Many people confuse spirituality with religion, but there is a clear distinction that separates the two. Religion is based on dogmatic practices, scriptures, and spiritual doctrines that have been handed down. They are resources that lead to the true inner findings of spirituality, but are acquired outside of ourselves. Spirituality has to do with aspects of our internal being; things like our personality, character, ethics and core beliefs. The spirit part of ourselves exists before and after the physical body disintegrates.
We are a body of thoughts made not just of the conscious mind and the things of which we are aware, but the subconscious mind as well. The subconscious mind navigates what we most often do, say, and how we perceive ourselves. The subconscious mind also controls the central nervous system which dictates and regulates every cell and organ in the body. The mind is considered the spiritual realm, and since there is such an intense mind/body connection, it should be understood that healing of any kind starts within the mind. If the mind has been programmed through life experiences to think from a fear-based consciousness, healing is not possible.
A traumatic experience can cause us to struggle with upsetting emotions, frightening memories, and a sense of constant danger. Most individuals have some sort of physical or emotional side effects such as feeling numb, disconnected, and unable to trust other people. When unfortunate things happen, it can take a while to feel safe again. Whether the traumatic event happened years ago or yesterday, the effects of trauma stay with us until we learn the spiritual symbolism and integrate it.
It is important to note that it isn’t objective facts that determine whether an event is traumatic, but your subjective emotional experience of the event. The more frightened and helpless you feel, the more likely you are to be traumatized. Emotional and psychological trauma can be caused by a one-time events (such as a horrible accident) or stem from ongoing stress, such as living in an abusive environment or physical illness.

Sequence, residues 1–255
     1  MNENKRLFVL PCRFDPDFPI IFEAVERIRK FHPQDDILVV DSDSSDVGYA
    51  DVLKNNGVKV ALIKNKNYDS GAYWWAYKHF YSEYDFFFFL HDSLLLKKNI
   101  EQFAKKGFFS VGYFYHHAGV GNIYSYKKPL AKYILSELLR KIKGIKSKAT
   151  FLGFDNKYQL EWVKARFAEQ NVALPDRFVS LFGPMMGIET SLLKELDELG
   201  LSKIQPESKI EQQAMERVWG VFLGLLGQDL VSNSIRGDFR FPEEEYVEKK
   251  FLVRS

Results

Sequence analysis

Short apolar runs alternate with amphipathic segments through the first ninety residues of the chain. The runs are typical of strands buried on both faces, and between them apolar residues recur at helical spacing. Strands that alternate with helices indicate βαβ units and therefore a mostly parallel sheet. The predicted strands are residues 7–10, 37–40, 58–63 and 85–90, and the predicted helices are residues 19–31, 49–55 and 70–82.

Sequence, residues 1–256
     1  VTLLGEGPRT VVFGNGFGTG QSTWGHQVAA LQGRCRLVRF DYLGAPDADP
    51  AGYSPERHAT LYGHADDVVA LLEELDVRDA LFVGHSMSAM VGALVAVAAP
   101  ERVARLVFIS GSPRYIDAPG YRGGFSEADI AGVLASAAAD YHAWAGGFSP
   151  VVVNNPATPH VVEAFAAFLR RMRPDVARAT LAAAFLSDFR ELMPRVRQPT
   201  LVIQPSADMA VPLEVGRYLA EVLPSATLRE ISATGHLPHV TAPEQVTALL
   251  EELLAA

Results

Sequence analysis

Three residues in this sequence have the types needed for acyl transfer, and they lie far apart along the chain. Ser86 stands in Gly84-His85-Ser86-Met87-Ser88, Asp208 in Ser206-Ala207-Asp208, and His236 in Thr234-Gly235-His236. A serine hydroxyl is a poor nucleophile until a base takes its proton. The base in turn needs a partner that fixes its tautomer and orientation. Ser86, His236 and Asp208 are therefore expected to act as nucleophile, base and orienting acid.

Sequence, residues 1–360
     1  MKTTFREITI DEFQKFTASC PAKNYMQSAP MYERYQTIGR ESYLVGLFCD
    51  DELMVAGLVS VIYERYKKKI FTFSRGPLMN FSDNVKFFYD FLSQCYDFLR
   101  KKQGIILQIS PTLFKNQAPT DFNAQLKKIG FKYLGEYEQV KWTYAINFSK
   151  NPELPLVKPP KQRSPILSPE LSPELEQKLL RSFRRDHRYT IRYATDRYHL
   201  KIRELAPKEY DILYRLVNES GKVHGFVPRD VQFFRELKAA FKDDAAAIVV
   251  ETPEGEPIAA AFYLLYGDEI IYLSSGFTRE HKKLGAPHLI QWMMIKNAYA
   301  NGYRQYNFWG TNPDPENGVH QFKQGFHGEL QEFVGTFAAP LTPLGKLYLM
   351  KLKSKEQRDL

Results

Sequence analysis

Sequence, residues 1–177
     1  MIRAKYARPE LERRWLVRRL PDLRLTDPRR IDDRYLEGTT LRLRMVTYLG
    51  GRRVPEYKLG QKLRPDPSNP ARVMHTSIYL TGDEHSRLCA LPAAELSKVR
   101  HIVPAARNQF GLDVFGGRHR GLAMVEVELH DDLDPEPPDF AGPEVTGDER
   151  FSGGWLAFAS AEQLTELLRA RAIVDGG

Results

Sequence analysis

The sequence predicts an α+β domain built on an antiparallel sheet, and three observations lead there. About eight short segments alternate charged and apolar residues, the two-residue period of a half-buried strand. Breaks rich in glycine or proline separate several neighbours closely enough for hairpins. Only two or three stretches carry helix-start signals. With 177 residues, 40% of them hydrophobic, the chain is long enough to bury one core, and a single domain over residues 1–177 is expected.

A number of risk factors make someone not only susceptible to emotional and psychological trauma, but physical health issues. Individuals are also more likely to be traumatized by a new situation if they’ve been traumatized before – especially if the earlier trauma occurred in childhood. Experiencing trauma in childhood has severe and long-lasting effects. Children build their core beliefs on those traumatic experiences and develop sabotaging behaviorisms and habits as a result.
It is possible to be free from the repercussions of trauma. Only by reconditioning the mind with new supportive core beliefs, creating daily habits and practices to recondition the body, does the effects of healing become a part of the physical/cellular memory. Similar to people who have lost a loved one, trauma survivors go through a grieving process. While this process is inherently painful, it can be made easier if you turn to others for support and take care of yourself.
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